IWAKUNI, Yamaguchi Pref. — Sunday’s mayoral election, in which Yoshihiko Fukuda, a former Diet member, narrowly defeated former Mayor Katsusuke Ihara, is expected to ease tensions between Tokyo and Iwakuni over the planned relocation of U.S. military aircraft to a base here.
But if the vote for Fukuda, who advocates the relocation, was one step forward for the move — which is part of a broader reorganization of U.S. forces in Japan — other issues remain, including a housing shortage in the city. And Monday’s arrest of a U.S. Marine in Okinawa suspected of raping a 14-year-old girl could prove to be a new setback.
With voter turnout exceeding 76 percent, Fukuda won 47,081 votes to Ihara’s 45,299. Both ran without official party backing, although Fukuda was supported by the ruling coalition parties and Ihara by the opposition parties.
An agreement between Japan and the United States signed in May 2006 on reorganizing the U.S. forces calls for transferring an aircraft carrier air wing of about 60 planes currently based at the U.S. Naval Air Facility Atsugi in Kanagawa Prefecture to Iwakuni by 2014, after completion of the necessary logistic and support facilities at Iwakuni.
In addition, a squadron of 12 KC-130 tankers will be transferred to Iwakuni, while eight CH-53D helicopters will be relocated from Iwakuni to Guam.
The election centered on the question of whether voters wanted a mayor who would agree to the relocation as long as Tokyo offered sufficient financial incentives or a candidate who would continue to resist relocation efforts.
Fukuda won by warning voters that Iwakuni could go bankrupt like the city of Yubari, Hokkaido, if it lost out on subsidies because of continued resistance to the relocation, and promising that if elected he would negotiate hard with Tokyo to provide as much financial aid as possible while minimizing the impact of the relocation. He also pledged to fight to make Iwakuni a joint civilian-military use airport.
Media polls during the campaign showed many younger voters and local businesses were alarmed by the city’s nearly ¥100 billion debt.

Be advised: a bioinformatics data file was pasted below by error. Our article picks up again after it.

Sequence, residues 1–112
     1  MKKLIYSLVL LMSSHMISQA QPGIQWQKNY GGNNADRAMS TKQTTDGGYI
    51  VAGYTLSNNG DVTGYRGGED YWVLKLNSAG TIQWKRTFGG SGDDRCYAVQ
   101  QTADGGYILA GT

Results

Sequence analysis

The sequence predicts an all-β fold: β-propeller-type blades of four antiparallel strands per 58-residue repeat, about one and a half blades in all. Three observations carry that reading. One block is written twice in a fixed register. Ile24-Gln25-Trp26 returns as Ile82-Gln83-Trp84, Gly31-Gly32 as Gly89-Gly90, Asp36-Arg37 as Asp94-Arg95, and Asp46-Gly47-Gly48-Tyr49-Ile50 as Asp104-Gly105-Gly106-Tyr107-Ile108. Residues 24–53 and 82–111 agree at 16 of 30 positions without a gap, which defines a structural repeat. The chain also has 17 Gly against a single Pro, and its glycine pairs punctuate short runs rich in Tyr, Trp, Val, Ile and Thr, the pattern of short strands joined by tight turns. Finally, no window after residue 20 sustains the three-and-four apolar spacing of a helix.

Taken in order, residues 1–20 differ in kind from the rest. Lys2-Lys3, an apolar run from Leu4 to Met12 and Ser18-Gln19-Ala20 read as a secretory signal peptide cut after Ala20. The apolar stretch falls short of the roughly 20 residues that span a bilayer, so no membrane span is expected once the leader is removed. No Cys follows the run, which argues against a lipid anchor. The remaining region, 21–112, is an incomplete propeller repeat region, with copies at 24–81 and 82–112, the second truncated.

There were also concerns that in 2006, the central government, angry at Ihara’s opposition to the relocation plan, froze ¥3.5 billion earmarked for a new City Hall and removed Iwakuni from the list of municipalities scheduled to receive base realignment subsidies in fiscal 2007.
With Fukuda’s election, the ¥3.5 billion is expected to be released and new realignment subsidies approved. In a statement released Sunday night, Defense Minister Shigeru Ishiba said the central government looked forward to working with Fukuda.
“The Defense Ministry hopes to meet with the new mayor as soon as possible to discuss the realignment issue,” he said.
But Fukuda has a tough road ahead. The closeness of the election and the fact that many relocation issues have yet to be resolved could mean further political trouble. Three issues that will determine his political fortunes are noise levels from the relocated aircraft, housing needs for the U.S. military and safety.
“I will discuss noise levels and public safety in detail with the central government,” Fukuda promised supporters following his victory.
The U.S. military and the Japanese government are attempting to solve the noise problem by building a new runway about 1 km farther offshore than the current one, which will close once the new runway goes into operation.
But the question of where the naval personnel from Atsugi will live once they arrive in Iwakuni has yet to be resolved.
“About 3,000 marines and 2,000 dependents at Iwakuni live on or off base, and there is now an on-base housing shortage. Once the transfer from Atsugi is completed, the number of service members and dependents will almost double. But where their housing facilities will be built is still being negotiated,” said John Cordero, a U.S. Marine Corps spokesman at the Iwakuni base.
One additional facility the marines are hoping will be built on base is a full-scale hospital.
Before Sunday’s victory, Fukuda’s supporters said opposition concerns that service members will go on a crime spree if the relocation is accepted were overblown.
“There’s a lot of talk in Japan in general about foreign crime and among antibase activists about crimes by U.S. Marines. But Japanese commit far more crimes than foreigners,” Yoshihiko Sumi, a spokesman for Fukuda, said Sunday afternoon.